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I'm starting to consider this "Stud WR" theory I've been hearing about. The only WR I was sure was going to score at least 10 TDs this year was Harrison.

 
I'm starting to consider this "Stud WR" theory I've been hearing about. The only WR I was sure was going to score at least 10 TDs this year was Harrison.
Drafting WRs is a crapshoot. 2 years in a row I went with highly touted prospects and 2 years in a row I ended up with WW wrs in my lineup 90% of the time. Next year if there's a studly WR early, I'm going for him.
 
I don't know if I learned anything "new" but some of the things that jumped out at me about this season were:1. RB depth was key. Again, this isn't a big surprise but if you didn't have one of the handful of RBs who provided consistent production (Alexander, LT, Edge, Barber and LJ when he became a starter) you could have had problems. Even LT faded at the end. All that meant you needed to have as many viable options to choose from each week as possible. If you could load up on RB depth and protect yourself from injuries or guys who busted out your team was going to be better because of it.2. Taking a WR early was not a good move. Sure it worked if you grabbed Holt, CJ, Harrison and Steve Smith (who may not have gone early in many drafts), but if you went after TO, Moss, Walker, Horn, DJax as well as guys like Burleson, Clayton, Roy Williams or Bennett you got burned badly. I am giving strong consideration next year to loading up on RBs and a top QB early and not even thinking about WRs until the 6th round or so -- unless a great value falls in my lap.3. I want a top QB. This is a continuation of a belief I have now had the past two years and it's paidf nicely. I'm not going to take one in the first three rounds, but I want to make sure I have one top QB on my roster that I feel confident in starting week-in and week-out. Last year I got Favre in the fourth round and this year it was Brady in the fifth. I do not want to get into a situation where I'm always playing matchups or hoping a guy will do well. I want to have a strong QB to put in my roster every week that I believe is going to produce top-level fantasy production. I got that from Favre last season and Brady this season (I've had Delhomme as my QB2 each season) and have been very pleased with that strategy.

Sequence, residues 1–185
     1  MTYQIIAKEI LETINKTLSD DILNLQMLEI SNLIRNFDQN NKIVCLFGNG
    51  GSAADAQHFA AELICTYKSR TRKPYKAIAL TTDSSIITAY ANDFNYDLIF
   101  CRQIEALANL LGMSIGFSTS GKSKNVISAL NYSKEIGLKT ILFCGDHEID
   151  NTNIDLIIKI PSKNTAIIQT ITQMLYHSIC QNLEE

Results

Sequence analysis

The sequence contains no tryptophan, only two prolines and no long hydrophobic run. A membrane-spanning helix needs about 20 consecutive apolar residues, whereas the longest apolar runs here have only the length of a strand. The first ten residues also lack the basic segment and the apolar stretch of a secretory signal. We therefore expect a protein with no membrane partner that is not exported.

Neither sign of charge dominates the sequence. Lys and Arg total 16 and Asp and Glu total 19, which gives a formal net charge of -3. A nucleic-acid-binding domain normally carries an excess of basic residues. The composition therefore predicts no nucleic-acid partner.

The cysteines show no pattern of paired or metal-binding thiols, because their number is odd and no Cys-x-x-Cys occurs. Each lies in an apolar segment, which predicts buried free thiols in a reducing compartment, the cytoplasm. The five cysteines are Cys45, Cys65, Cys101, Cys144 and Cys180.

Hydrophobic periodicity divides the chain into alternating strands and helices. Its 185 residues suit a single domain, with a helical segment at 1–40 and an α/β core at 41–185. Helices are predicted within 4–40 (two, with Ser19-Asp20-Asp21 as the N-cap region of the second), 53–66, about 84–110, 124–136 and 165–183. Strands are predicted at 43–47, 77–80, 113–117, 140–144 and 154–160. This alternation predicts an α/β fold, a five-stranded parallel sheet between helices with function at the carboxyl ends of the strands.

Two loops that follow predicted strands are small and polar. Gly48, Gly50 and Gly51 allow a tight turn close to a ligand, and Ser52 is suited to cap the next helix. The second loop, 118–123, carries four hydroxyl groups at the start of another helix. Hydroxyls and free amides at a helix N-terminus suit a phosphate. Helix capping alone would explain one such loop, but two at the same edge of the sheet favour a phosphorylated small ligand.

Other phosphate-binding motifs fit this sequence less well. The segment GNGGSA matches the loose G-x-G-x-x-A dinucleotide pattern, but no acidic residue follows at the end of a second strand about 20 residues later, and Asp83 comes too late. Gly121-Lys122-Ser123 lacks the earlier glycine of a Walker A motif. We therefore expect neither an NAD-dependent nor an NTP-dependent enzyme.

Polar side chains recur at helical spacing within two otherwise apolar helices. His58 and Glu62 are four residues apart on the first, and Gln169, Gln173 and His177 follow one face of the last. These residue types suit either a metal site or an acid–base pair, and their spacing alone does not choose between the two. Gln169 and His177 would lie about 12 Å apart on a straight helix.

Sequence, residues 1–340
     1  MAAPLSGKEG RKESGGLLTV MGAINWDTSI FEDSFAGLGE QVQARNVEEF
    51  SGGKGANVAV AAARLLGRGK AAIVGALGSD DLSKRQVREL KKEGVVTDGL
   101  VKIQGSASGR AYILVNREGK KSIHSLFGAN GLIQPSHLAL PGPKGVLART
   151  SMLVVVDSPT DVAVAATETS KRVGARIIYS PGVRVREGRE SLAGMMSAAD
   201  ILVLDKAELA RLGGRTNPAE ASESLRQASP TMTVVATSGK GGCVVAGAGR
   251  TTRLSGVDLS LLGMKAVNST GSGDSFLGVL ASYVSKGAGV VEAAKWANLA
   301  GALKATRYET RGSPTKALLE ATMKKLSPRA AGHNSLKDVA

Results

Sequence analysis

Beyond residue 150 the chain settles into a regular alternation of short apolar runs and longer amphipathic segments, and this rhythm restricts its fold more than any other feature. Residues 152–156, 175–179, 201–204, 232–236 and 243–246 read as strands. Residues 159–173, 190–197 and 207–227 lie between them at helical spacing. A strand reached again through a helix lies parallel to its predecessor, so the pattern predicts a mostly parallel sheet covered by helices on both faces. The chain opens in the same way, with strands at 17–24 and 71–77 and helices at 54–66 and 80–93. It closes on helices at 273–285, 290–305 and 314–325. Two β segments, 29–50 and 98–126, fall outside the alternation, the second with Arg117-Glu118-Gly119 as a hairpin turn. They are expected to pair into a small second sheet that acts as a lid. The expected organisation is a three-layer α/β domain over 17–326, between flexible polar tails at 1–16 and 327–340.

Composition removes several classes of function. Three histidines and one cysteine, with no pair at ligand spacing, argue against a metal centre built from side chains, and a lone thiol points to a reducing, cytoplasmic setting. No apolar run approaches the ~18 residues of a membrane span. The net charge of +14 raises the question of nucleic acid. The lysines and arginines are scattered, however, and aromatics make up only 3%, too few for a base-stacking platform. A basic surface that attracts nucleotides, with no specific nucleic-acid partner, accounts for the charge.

I'm starting to consider this "Stud WR" theory I've been hearing about. The only WR I was sure was going to score at least 10 TDs this year was Harrison.
That's the exact reason not to consider the Stud WR theory.I think people really need to go back and reread the original Stud RB article.

[whisper]Today's password is predictability.[/whisper]

 
Back in the day before the oversaturation of internet cheatsheets and "who to start" emails, I had my own method of determining who to start. Used to win all the time. When fantasy football on the 'net got big, I starting believing the hype of the "who to start" crap, got skittish about certain starters because they weren't ranked high in cheatsheets, and went against my methods. Didn't do too well.I cancelled my subscriptions to fantasy sites (this one included) and went back to my old-school, tried and true methods. Won the league.While the Internet is a good resource, it can lead you to too much second-guessing and out-thinking yourself.

 
I'm in a ten team, 2 QB league. I've learned the following after 2005:1. Even in a 2 QB league, drafting a QB in the first round may not be worthwhile. I picked Peyton at 1.04, and his slow start was devastating. I wasn't expecting another 49 TDs, of course, but 30+ TDs and 4000+ yds (balanced over the year) might have made the first rounder worthwhile. 2. I have no idea what to do about the WR position. This year I waited til the 5th to grab my first WR (after going QB/RB/RB/QB), as I have done with success in the past. So I grabbed Andre Johnson and Michael Clayton in the next two rounds :hot: . Not surprisingly, I finished 4-9, with a "core" of P Manning, B Favre, C Portis, and R Johnson. There are very few "sure things" at this position any more, and even those who are may not be worth acquiring at the expense of the RBs you would have to pass on. So, whoever gets lucky with the later WRs has a HUGE advantage.

 
I don't know if I learned anything "new" but some of the things that jumped out at me about this season were:

1. RB depth was key. Again, this isn't a big surprise but if you didn't have one of the handful of RBs who provided consistent production (Alexander, LT, Edge, Barber and LJ when he became a starter) you could have had problems. Even LT faded at the end. All that meant you needed to have as many viable options to choose from each week as possible. If you could load up on RB depth and protect yourself from injuries or guys who busted out your team was going to be better because of it.
How about this: ALWAYS Scour the waiver wire and pick up RB's wether you need them or not..I was in 5 leagues, made the playoffs in every one yet didn't win a Championship with some pretty good teams..

I admit I rested a bit and took "a break" since my lineups were pretty much "Set" - Then LT gets hurt and a few guys get rested and the "No-Names" come out of the woodwork - Meanwhile the Owners who are desperate and reaching for the best weekly pickups look like geniuses starting a Sam Gado while the guy who drafted well and did everything well all year can easily get beat - Part of the luck factor in the playoffs BUT, you have to watch the waiver wire and make pickups wether you need them or not just to keep them away from your opponent.

Wouldn't have totally saved me since 1 league had short rosters and another closed waivers early but, it's a good rule to follow regardless.

 
I'm starting to consider this "Stud WR" theory I've been hearing about. The only WR I was sure was going to score at least 10 TDs this year was Harrison.